QUESTION: Same subject. There are reports that some of the Gulf countries – some of the Arab countries are now increasing their lethal support to the Syrian opposition groups. So is this kind of a new kind of proxy war if this happen? Are you concerned about such proxy war is happening, even if U.S. is not involved?

MR KIRBY: I don’t have any specific information about lethal assistance that is being provided directly by Gulf countries. I’d point you to those governments to speak to that. Again, I think everybody should just take a step back here and remember what needs to happen for the long-term stability of Syria and that’s a political transition here.

But obviously there remains a very significant threat inside Syria – not just the threat of Assad to his own people, though that is significant still. It’s the threat of ISIL, and that’s what this 60-member coalition is focused on.

QUESTION: And do you know more about the Russian incursions in this Turkish airspace that keeps happening? I think U.S. was supposed to talk to Russians about this recently.

MR KIRBY: We have – from the diplomatic side we’ve made our concerns known about those airspace violations, and we’ll continue should they continue. Again, all the more reason why there needs to be a better effort at de-confliction, and again, the Secretary raised the issue of de-confliction today. I can’t speak for the military and, again, what discussions they have or have not had on that particular issue.


QUESTION: Thank you. On North Korea. North Korea demands on the peace treaty with United States, recently they explained all this. How did you response on this? They --

MR KIRBY: My response to that would be the same as – it’s the same response I would give as I have given on North Korea. Look, the onus is on North Korea to come to the table and resume Six-Party Talks. They have not expressed a willingness to do that. We’re still committed to that framework and that process.


QUESTION: Also on North --


QUESTION: Do you have any comment about the upcoming celebration of the 70th founding that’s going to be happening on Saturday, the military parade?

MR KIRBY: In North Korea?

QUESTION: In North Korea.

MR KIRBY: No, I don’t.

QUESTION: Do you have any concerns about Chinese officials attending?

MR KIRBY: Those are sovereign decisions that countries have to make. What I would say is that China continues to have influence in North Korea, and as we have discussed with our Chinese counterparts in the past, I mean, we’d like to see them use that influence to a better end on the peninsula.


QUESTION: I wanted to ask – yesterday Hillary Clinton expressed her opposition to the Trans-Pacific Partnership, distancing herself from a central tenet of Administration policy that she helped craft while she was Secretary of State.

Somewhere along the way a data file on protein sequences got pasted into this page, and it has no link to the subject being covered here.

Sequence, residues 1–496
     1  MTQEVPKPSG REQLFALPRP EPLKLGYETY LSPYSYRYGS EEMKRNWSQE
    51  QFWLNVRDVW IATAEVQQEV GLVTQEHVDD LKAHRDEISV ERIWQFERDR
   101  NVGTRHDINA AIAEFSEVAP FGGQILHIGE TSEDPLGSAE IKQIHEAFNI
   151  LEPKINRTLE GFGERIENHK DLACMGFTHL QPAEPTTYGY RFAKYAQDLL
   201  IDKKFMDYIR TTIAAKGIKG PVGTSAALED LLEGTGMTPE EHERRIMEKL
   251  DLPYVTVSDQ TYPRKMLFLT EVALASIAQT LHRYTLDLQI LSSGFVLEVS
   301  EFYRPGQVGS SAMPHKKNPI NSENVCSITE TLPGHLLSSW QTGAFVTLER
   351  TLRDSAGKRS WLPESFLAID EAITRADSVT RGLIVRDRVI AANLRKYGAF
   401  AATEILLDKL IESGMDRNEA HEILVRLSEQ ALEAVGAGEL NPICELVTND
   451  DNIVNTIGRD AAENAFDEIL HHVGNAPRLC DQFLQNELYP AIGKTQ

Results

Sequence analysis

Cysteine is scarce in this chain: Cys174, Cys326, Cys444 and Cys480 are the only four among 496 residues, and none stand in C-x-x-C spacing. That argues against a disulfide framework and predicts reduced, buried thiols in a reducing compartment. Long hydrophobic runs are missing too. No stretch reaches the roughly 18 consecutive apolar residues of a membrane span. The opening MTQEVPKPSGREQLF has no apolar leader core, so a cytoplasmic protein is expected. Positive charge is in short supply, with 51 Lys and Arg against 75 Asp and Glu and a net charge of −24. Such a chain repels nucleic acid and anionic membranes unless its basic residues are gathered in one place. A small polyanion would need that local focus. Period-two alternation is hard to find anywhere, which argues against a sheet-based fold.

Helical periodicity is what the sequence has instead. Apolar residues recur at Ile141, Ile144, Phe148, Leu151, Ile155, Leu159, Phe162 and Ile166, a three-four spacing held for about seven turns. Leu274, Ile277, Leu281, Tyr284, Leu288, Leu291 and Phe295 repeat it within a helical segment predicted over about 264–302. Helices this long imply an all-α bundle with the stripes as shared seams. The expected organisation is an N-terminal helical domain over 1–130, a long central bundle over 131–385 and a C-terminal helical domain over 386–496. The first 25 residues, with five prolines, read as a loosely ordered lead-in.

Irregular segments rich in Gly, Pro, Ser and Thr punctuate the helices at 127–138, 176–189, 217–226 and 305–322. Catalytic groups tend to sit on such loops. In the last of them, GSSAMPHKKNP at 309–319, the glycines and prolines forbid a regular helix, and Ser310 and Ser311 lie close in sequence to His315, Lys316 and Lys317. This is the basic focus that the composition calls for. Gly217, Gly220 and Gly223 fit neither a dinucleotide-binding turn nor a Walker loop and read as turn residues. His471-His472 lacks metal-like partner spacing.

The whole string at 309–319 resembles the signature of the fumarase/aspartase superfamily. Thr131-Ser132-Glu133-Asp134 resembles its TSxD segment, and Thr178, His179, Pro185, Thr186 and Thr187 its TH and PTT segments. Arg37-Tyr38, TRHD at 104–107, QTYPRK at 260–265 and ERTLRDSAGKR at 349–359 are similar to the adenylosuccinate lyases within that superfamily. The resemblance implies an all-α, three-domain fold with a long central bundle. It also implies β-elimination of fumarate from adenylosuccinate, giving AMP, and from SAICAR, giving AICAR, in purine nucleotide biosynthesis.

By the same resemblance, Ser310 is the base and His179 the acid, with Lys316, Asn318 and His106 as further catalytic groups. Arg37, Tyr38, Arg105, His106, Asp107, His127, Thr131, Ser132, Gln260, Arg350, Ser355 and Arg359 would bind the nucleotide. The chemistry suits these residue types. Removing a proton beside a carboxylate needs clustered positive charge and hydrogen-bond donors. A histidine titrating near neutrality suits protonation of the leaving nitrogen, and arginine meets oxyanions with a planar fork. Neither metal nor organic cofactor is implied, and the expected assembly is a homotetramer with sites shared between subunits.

QUESTION: I was wondering what the reaction was in the building to that.

MR KIRBY: We are focused on the work of diplomacy around the world right now, and not focused on the political campaign. And the candidates are obviously entitled to their opinions about a broad range of issues. The Secretary is very pleased by the agreement and to move forward with it, and as he’s said many times, this is going to strengthen our own economic security and deepen our strategic relationships in the Asia Pacific region. And so he’s focused on moving forward and getting this – and getting the agreement in force.

QUESTION: Was there any disappointment in the building, given that she chose to basically throw this agreement under the bus even though she hasn’t read the whole text yet?

MR KIRBY: Again, we’re not going to concern ourselves with campaign rhetoric and campaign positions that are being taken by the candidates. They’re all entitled to their opinions. What we’re focused on is on doing the work of diplomacy every day here at the State Department around the world. And as I said, the Secretary is focused on getting this agreement in force because he believes – and it’s the government’s position – that it’s a good thing for America, it’s a good thing for our economy, and it’s a good thing for our relationships in that part of the world.

QUESTION: Last one on this. Do you think her opposition, given her central role in pushing for this agreement, makes it harder to get the agreement through Congress?

MR KIRBY: I’m not going to speculate about what any one position for or against it is going to do. The Secretary is committed, as I said, again, to seeing it come into force, and he is ready, willing, and able to engage members of Congress about it and to address whatever concerns they might raise about it. But he’s very – he welcomes the news. He’s very glad that it was approved and wants to move forward on it.


QUESTION: Just one question about Iraq.

QUESTION: No, wait, wait. Hold on. Just one more thing. Since you don’t speak for Secretary Clinton but you do speak for Secretary Kerry, do you think that in late January 2017 he’ll still support the TPP?

MR KIRBY: I have – so I’m being asked now about future opinions?